Saturday, October 13, 2007
Second grade apples.
Do you ever feel sorry for all those over ripen, juicy fruits laying on the ground and rotting slowly away? Those ones being stepped on by the excited bunch of people who are looking to pick the "perfect fruits" right from the trees? I do...feel sorry... since I don't like to waste.
The other day we went to the apple farm and bought 20lb of second grade apples (for only $10). It didn't matter to me that the kinds of apples were all mixed up, and that they had some imperfections and odd (just not perfectly round or oval) shapes. They were still fruits to be used and we got busy.
The plan was to make apple sauce, to bake cakes and pies, and also to use them for our first time dehydrating experiment. And eating them as well.
The baking part went very well, as we have plenty of experience in this. We have managed to bake 3 apple pies, Tata's absolutely favorite, and he was gobbling half of the pie for breakfast, and begging us to leave the other half for after dinner for him. That was no problem, as the girls took after me for love of chocolate desserts. We also baked apple muffins, and they were delicious.
A lot of cutting and peeling to make apple sauce. Here I made a small mistake by adding a bit too much water. It came out too liquorish, with a consistency something between the apple cider and very thin apple sauce. I had to come up with an idea on what to do, couldn't bear the thought of dumping the whole pot of sweet cinnamon goodness into the toilet.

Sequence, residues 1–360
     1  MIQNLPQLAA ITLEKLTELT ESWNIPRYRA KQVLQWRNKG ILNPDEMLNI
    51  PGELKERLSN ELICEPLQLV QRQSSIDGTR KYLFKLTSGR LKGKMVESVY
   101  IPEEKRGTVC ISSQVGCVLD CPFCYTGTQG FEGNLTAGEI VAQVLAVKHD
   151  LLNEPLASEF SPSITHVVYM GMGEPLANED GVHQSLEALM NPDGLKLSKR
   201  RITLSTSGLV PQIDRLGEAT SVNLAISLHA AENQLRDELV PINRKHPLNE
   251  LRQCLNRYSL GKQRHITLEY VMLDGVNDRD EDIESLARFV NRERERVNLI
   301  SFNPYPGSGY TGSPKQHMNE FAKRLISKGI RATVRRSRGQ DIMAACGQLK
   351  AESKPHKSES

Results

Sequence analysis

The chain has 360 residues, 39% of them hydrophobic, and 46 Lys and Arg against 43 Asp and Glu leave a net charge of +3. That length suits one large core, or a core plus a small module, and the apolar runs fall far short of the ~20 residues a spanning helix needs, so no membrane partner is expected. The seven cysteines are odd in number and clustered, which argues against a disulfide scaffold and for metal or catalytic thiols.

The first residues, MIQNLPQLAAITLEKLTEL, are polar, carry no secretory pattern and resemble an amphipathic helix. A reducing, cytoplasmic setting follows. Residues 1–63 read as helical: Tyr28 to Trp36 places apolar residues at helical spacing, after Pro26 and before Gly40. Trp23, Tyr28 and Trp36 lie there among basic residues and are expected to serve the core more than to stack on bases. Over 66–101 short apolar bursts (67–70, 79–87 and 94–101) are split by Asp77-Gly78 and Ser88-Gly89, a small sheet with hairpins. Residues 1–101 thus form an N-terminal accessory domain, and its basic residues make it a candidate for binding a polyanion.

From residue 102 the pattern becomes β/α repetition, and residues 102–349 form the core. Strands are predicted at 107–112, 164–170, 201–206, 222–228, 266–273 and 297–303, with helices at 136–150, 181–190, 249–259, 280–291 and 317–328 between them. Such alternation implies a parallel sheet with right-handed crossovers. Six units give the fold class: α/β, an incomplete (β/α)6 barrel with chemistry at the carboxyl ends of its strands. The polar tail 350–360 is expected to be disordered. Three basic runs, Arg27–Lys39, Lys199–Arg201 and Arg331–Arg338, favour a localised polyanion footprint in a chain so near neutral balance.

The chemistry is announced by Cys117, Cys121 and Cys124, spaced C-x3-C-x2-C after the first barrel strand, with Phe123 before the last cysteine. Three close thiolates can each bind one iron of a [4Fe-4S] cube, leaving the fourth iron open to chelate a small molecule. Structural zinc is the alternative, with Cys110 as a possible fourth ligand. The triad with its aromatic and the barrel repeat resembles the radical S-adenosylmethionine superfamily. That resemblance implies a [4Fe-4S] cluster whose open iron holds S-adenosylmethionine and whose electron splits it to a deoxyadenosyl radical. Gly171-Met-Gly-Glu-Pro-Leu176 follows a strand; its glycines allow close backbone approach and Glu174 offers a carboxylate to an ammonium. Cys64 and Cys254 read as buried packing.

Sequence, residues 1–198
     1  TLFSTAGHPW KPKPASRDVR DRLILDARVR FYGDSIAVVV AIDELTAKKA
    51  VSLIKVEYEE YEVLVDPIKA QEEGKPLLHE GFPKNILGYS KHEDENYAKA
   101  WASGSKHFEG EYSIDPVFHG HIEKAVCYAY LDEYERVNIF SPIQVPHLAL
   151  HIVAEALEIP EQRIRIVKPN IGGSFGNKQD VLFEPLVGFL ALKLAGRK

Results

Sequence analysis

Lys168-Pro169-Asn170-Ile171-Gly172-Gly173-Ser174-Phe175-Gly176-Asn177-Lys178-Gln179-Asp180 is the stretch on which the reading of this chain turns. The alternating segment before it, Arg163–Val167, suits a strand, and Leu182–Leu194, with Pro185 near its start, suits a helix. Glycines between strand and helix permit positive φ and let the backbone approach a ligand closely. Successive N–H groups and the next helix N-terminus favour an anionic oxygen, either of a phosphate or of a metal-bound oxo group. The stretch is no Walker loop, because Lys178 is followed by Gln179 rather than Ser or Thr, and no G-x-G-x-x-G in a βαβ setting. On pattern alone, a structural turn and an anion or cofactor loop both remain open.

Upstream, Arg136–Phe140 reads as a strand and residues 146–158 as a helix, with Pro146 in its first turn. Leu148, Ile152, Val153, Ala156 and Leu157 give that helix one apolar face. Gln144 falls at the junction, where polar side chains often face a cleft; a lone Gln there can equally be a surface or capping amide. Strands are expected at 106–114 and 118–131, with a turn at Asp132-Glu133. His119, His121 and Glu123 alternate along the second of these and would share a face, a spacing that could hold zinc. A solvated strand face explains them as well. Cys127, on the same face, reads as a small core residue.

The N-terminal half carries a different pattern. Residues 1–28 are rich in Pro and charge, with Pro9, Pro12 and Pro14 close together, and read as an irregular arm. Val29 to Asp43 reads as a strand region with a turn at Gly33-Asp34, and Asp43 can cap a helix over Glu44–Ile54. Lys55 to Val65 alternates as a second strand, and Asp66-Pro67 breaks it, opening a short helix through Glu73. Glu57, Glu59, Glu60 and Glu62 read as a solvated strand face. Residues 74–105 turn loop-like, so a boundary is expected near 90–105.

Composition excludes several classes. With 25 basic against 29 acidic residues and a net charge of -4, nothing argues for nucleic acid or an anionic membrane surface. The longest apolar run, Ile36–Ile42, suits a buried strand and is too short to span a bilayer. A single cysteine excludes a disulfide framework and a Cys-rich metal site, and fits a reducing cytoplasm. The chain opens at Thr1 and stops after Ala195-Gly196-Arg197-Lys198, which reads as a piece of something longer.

And then the childhood memories hit me... We used to make fruit sheets (or fruit leathers) from the plum butter, and then I decided to give it a shot with my apple mush. I drained the excess juice, and here we got some cider to drink, and then I spread out the apple mush on the baking sheet, not thicker than a 1/4 inch. At 225F for almost two hours (ye, I know, a lot of energy used up), and then we had a final product. It came out great! It' is such a fantastic and interesting snack! You take it out from the baking sheet, and at this point it became thin and pliable, and cut the sheet with scissors into strips, and then roll them up into tubes. The fruit sheets can be stored in the refrigerator for a long time, and make great light weight snack if you go for a long hike.
As to the dehydrating experiment... I chose not to peel the apples, and decided to dry a lot of them, since I was already doing it. 10 hours of humming noise in the kitchen, and me peeking into the dehydrator to check it out. I was so impatient and curious! Later I found out you're not supposed to interrupt the drying process. Finally, they were done...
Ivana, using her 6 yo logic, had expressed her concern of the cakes and other things we were going to make from the apples to be "second grade" as well. Well, she still insisted they were...
Read more on drying food here http://www.ag.uiuc.edu/~vista/html_pubs/DRYING/dryfood.html#basics